« AnteriorContinuar »
KING JOHN AND THE ABBOT.
An ancient story I'll tell you anon?
Secondly tell me, without any doubt,
I may ride the whole world about;
but three weeks' space,
Away rode the abbot all sad at that word,
shepherd, I must give, That I have but three days more
to live; For if I do not answer him questions three, My head will be smitten from my bodie. “ The first is to tell him there in that stead, With his crown of gold so fair on his head, Among all his liege-men so noble of birth, To within one penny of what he is worth. “The second, to tell him without any doubt, How soon he may ride this whole world about; And at the third question I must not shrink, But tell him there truly what he does think.” “Now cheer up, Sir Abbot, did you never hear yet That a fool he may learn24 a wise man wit25 p Lend me horse, and serving men, and your apparel,26 And I'll ride to London to answer your quarrel.27
Nay, frown not, if it hath been told unto me, I am like your lordship as ever may be ; And if you will but lend me your gown There is none shall know us in fair London town."
“Now horses and serving men thou shalt bave,
KING JOHN AND THE ABBOT.
our Saviour was sold
so little !
Nay, nay, my liege, be not in such speed,3
CAUTIONS : a. Many of the lines in this old ballad have not the proper number of syllables; and this defect must be hid by the style of reading. It will, on this account, be often necessary to make longer pauses at the points than usual, and also to read out each word and each syllable with the greatest distinctness. The tone throughout is that of dry level narrative. b. This is a very difficult line. It should be read in an easy conversational way: For-spending of
true-gotten-geere. c. The accent must be put on the last syllable of bodie-in the old fashion. d. The danger is here of putting an accent upon thou, which would spoil the sense. The emphasis or sense-accent is on dost. e. The emphasis is on so. f. This line has not the sufficient number of syllables; but this can be made up for by the length of the pause after back.
MEANINGS : 1. Anon, at once. 2. Notable, well known. 3. Main, force. 4. Maintained, kept un. 5. Housekeeping, way of living. 6. Renown, fame. 7. Post, in haste. 8. And fifty gold chains, without any doubt, in velvet coats, waited the abbot about, fifty men wearing velvet coats and gold chains waited upon the abbot.
9. Work'st treason, makest plots; treason is any attempt to overthrow the government of a country. 10. Liege, sovereign. 11. Deere, harm. 12. True gotten geere, wealth fairly come-by. 13. High, great. 14. Stead, place. 15. Liegemen, subjects. 16. Shallow wit, poor powers of mind. 17. Your grace, title of respect. 18. Do my endeavour, do my best. 19. Livings, church offices. 20. Oxenford, Oxford. 21. Devise, find out. 22. Of comfort so cold, without finding any comfort. 23. A-going to fold, going to put the sheep in the fold. 24. Learn, teach. 25. Wit, wisdom. 26. Apparel, clothes. 27. Answer your quarrel, make your peace with the king. 28. With sumptuous array, most gallant and brave, with a splendid retinue of attendants. 29. Crozier, the staff of a bishop or abbot.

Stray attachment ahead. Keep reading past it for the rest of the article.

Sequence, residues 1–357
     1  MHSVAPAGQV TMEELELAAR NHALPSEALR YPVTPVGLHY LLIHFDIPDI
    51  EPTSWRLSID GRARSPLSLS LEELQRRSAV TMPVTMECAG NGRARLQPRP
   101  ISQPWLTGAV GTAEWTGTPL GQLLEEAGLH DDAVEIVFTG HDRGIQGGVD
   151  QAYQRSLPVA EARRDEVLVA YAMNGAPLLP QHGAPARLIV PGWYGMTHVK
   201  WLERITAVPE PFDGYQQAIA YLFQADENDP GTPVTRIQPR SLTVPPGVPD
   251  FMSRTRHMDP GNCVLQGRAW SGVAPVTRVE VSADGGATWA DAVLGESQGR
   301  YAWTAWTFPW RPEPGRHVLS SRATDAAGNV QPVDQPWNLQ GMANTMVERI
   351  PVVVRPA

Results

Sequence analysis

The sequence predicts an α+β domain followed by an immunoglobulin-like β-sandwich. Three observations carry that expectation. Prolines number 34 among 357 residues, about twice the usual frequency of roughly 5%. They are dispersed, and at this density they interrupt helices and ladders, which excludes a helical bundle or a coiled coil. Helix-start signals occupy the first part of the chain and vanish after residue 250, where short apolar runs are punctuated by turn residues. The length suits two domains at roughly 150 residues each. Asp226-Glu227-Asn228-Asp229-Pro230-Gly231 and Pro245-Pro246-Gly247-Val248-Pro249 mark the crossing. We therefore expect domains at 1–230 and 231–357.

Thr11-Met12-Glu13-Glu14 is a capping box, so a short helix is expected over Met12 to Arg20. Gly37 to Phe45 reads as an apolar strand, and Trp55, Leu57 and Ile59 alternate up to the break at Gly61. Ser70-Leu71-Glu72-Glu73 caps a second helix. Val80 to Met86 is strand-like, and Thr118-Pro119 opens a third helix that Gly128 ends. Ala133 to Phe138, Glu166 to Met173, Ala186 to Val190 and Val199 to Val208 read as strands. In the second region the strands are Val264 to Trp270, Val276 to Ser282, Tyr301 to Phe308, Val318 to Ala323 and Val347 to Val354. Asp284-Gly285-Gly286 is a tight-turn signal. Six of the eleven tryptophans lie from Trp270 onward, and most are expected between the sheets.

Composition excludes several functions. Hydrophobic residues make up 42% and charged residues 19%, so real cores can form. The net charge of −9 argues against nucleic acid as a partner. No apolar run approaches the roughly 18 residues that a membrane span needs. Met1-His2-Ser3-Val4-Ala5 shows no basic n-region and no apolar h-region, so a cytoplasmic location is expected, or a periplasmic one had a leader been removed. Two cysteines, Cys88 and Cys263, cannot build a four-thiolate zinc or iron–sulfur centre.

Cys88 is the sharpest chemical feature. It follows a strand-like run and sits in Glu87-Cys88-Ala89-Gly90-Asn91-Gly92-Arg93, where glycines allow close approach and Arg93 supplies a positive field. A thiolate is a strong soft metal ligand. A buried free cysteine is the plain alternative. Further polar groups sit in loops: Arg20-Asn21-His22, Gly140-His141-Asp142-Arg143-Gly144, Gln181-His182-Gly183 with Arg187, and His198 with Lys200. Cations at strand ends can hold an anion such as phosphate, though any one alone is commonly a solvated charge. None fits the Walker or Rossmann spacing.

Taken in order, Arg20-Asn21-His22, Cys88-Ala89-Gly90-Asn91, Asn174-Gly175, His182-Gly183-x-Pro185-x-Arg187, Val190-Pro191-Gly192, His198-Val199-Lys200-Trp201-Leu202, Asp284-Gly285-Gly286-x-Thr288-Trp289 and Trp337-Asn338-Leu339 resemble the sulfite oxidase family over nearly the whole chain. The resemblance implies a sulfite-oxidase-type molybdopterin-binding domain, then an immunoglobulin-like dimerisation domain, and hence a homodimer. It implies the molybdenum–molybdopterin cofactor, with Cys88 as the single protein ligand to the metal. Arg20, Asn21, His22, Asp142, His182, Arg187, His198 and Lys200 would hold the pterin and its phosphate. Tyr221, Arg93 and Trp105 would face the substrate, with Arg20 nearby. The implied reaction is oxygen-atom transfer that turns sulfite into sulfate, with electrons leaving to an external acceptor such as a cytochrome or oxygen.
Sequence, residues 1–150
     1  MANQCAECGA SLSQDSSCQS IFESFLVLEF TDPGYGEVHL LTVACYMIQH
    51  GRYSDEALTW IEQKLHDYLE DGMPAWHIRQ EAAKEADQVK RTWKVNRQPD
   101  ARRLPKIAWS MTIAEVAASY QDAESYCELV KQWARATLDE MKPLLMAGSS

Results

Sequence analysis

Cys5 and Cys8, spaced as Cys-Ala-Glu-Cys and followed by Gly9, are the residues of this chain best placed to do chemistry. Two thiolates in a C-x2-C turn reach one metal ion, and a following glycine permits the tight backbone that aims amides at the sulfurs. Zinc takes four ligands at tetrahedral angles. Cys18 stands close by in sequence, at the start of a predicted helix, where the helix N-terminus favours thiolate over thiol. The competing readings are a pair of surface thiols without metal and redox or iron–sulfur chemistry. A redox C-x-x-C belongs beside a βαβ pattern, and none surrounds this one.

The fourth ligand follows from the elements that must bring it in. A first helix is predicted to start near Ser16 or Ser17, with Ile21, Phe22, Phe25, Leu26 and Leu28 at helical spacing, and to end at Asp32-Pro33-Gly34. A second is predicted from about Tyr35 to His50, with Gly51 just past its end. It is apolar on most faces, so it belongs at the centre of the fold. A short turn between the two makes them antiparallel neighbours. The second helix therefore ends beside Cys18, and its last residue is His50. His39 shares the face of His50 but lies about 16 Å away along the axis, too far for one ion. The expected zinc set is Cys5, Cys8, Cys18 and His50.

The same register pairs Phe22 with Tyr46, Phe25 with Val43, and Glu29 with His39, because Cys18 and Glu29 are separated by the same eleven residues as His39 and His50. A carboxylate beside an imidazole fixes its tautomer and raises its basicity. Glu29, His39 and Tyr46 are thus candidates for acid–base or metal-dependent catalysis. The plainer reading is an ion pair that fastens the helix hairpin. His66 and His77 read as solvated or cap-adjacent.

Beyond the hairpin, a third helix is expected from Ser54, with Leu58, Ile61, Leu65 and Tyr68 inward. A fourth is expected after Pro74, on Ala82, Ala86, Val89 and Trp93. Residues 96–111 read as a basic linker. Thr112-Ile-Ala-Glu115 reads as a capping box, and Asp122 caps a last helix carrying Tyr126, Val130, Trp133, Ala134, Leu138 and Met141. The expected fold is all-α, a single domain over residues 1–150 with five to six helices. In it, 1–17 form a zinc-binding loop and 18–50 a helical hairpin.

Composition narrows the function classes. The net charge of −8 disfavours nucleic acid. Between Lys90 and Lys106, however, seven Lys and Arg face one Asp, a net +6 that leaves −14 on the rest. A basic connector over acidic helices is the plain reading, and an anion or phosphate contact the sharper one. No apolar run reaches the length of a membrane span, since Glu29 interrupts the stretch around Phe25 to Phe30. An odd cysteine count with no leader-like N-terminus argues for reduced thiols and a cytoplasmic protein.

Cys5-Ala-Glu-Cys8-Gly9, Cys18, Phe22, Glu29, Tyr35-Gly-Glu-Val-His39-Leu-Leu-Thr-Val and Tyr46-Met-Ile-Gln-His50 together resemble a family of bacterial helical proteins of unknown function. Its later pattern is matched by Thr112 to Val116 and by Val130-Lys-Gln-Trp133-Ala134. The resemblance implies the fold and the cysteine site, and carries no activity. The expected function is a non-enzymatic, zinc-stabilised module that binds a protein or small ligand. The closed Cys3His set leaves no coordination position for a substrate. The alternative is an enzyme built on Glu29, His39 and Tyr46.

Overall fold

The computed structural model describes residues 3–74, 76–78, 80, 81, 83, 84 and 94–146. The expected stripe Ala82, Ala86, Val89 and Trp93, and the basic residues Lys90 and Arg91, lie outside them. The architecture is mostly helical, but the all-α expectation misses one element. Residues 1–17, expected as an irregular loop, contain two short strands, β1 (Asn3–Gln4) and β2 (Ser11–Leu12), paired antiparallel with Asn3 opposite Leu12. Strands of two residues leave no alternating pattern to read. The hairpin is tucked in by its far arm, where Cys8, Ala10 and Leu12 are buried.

30. Mitre, cap worn by a bishop or abbot. 31. Rochet, a surplice with narrow sleeves worn by bishops. 32. Cope, a short cloak. 33. 'Fore, before. 34. St. Bittel, old form of St. Botolph. 35. Speed, a hurry. 36. Nobles, an old coin worth 6s. 8d.
WRECK OF THE GOLDEN BEE. The Golden Bee, a ship in the China trade, sets sail with every prospect of a pleasant voyage; but fire breaks out, and her crew and passengers have to take to the boats.
LADEN with precious merchandise, the growth of Chinese soil,
well. Soon should he reach his home on shore with much good news to
Good news for his Parsee merchants, and for the fair young wife,
(A long pause.) Hark! what terrific cry was that of horror and affright, Which broke like some tempestuous sound the stillness of the
night, Rousing the crew from rest and sleep to tremble and dismay, Waking the captain's sunny dreams of harbour far away! Oh, captain, wake! 'Tis but a dream—the harbour is not won, Thou dost not clasp thy Mary's hand, or kiss thy little son ; Thy baby sweetly sleeps ashore—that shore is far from theeh, captain, wake! for none but God can save thy Golden Bee !
THE SAILOR'S MOTHER.
“FIRE !”_'twas an awful sound to hear on solitary seas,
“Get out the boats !" with firm quick voice the short command
was said, And no man spoke, but straight and swift the order was obeyed; Then one by one the crew stepped forth- but all looked back with
tears, Upon the bonny Golden Bee, their home of many years. But first the captain snatched from flame, and pressed within his
breast, A relic of departed days, of all his heart loved best: A little Prayer-Book, well-worn now, a gift in early life, Sweet token from his early love ere yet he called her wife. Then out upon a lonely sea, six hundred miles from land, The solitary boat sailed forth with that courageous band; Sailed forth as drifts a withered leaf upon the surging tide, With only hope to be their strength, and only God as guide.
All the Year Round.
CAUTIONS: a. Beware of allowing the accent to touch the into. The only way to avoid this is to lengthen the pause after dropped. b. " Get out the boats ! " This must be spoken with the short, earnest, and clear articulation of a military command.
MEANINGS : 1. Relic, something left. 2. Tide, poetic word for sea.
THE SAILOR'S MOTHER. This is a short poem, by WORDSWORTH, recording a perfectly simple incident. Wordsworth meets one morning, on a country road, a woman who carries a cage in her hand. He feels sympathy with her and with a certain noble look which he observes in her, and stops to converse. ONE morning,
(raw it was and wet-
Majestic in her person, tall and straight;